We must now return to Mirragañ. When he came back to Murraural waterhole and saw how Gurangatch had escaped, he followed on down the river after him, going on and on till he overtook him at Wambeeang. Mirragañ did not care to go into any of the subterranean passages, therefore he went up on top of the rocks and dug a hole as deep as he could go and then prodded a long pole down as far as it would reach, for the purpose of frightening Gurangatch out of his retreat, much in the way we poke a kangaroo rat or other creature out of a hollow log. Not succeeding in his purpose with the first hole, he dug another and still another and shoved the long pole down each one as before. There are several weather worn ‘pot holes’ on top of the Whambeyan caves still, which are said to be those made by Mirragañ on that occasion.

When Gurangatch perceived that his enemy was continuing his relentless pursuit, he started off one morning at daylight through his tunnel or burrow and returned down Jock’s Creek till he came out into the Wollondilly again. Some miles farther down was where Mirragañ’s family resided. When they heard Gurangatch coming and the water roaring after him like a flood, they ran away up the side of the hill in great terror. By that time Mirragañ himself appeared on the scene and his wife began scolding him for having meddled with Gurangatch and besought him to give up the pursuit, but he would not be dissuaded. He went on after Gurangatch and overtook him at what the white people call the ‘Slippery Rock’, but the native name is Wong’-ga-ree. There they fought for a long time, which made the rock smooth and slippery ever since.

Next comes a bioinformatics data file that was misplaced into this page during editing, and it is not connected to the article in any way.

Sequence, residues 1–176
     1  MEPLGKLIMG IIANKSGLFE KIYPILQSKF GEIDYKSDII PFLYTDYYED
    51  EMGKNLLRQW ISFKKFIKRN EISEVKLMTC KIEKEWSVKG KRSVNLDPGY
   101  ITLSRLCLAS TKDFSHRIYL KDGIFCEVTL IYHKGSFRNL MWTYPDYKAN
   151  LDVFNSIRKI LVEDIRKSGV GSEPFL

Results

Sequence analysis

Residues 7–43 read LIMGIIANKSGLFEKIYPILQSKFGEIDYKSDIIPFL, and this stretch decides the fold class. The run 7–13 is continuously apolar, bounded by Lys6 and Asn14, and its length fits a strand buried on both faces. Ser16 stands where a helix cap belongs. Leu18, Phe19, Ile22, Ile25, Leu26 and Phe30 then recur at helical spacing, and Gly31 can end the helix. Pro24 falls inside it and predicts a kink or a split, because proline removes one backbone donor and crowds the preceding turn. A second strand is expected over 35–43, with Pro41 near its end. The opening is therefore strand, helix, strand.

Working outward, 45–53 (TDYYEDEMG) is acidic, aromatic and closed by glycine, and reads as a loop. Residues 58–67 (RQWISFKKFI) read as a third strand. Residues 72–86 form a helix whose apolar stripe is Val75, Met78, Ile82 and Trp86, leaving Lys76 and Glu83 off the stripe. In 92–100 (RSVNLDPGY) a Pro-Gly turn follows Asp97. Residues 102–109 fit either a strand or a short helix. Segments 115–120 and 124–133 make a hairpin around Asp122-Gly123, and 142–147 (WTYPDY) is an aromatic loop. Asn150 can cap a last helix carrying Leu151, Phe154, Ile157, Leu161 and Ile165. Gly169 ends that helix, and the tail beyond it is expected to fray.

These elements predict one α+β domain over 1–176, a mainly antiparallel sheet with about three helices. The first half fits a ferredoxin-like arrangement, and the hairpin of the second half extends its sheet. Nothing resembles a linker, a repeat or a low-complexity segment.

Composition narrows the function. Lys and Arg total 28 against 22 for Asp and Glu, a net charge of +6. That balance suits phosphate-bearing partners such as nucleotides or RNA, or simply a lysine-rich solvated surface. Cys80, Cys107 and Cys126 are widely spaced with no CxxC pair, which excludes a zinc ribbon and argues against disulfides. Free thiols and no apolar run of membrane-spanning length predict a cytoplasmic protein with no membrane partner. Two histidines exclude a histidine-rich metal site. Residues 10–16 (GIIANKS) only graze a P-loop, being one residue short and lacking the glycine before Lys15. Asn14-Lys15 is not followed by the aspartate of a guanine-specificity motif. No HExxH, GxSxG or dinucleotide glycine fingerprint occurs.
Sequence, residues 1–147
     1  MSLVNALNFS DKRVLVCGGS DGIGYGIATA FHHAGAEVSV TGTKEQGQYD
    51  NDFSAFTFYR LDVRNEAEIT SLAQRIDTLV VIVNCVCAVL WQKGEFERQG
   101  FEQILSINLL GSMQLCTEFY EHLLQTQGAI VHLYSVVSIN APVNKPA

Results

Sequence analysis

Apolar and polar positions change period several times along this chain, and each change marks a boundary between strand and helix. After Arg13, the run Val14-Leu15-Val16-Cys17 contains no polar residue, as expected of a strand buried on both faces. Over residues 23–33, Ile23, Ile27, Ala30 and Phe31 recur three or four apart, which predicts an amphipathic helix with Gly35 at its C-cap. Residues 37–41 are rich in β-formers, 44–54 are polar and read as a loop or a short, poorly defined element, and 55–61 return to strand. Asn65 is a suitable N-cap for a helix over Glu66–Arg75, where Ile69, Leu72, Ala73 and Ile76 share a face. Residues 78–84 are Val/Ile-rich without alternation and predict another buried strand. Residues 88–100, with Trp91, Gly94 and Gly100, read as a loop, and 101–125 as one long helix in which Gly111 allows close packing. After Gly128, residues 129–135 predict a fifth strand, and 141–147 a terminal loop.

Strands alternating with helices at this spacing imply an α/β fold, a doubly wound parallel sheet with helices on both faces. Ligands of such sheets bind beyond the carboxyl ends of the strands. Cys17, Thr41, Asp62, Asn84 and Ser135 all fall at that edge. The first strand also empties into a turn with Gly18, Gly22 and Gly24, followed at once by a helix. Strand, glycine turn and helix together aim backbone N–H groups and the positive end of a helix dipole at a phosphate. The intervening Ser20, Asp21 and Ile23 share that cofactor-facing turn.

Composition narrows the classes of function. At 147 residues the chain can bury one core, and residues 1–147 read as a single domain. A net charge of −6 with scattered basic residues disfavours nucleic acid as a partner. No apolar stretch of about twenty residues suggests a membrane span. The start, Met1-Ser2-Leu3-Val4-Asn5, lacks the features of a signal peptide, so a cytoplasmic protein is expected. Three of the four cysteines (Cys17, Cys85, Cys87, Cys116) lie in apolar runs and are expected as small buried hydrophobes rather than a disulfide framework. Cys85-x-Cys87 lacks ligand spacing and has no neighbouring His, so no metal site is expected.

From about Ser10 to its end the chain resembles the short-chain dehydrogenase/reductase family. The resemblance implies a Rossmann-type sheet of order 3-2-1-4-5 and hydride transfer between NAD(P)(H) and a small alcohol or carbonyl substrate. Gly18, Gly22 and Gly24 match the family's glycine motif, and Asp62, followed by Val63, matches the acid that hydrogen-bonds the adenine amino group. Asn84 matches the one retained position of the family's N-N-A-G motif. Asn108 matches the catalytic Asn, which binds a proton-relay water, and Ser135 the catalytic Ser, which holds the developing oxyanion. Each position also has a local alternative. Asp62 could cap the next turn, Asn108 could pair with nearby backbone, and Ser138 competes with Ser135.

Gurangatch at last got away and went on downwards, making the water flow after him. Every time that Mirragañ overtook him, he hit him with his big club or boondee, and Gurangatch struck Mirragañ heavily with his tail. This continued down to what is now the junction of Cox’s river, where Gurangatch turned off to the left, digging out the present channel. He went on till he came to Billa’-goo’-la Creek, corrupted to ‘Black Hollow’ on our maps, up which he travelled some distance, but turned back, and resumed his course up the Cox to the junction of Ked-oom’-bar Creek, now called Katoomba by the Europeans. He excavated Kedoombar Creek as far as where Reedy Creek comes into it and turned up the latter a little way, where he formed a deep waterhole in which he rested for a while.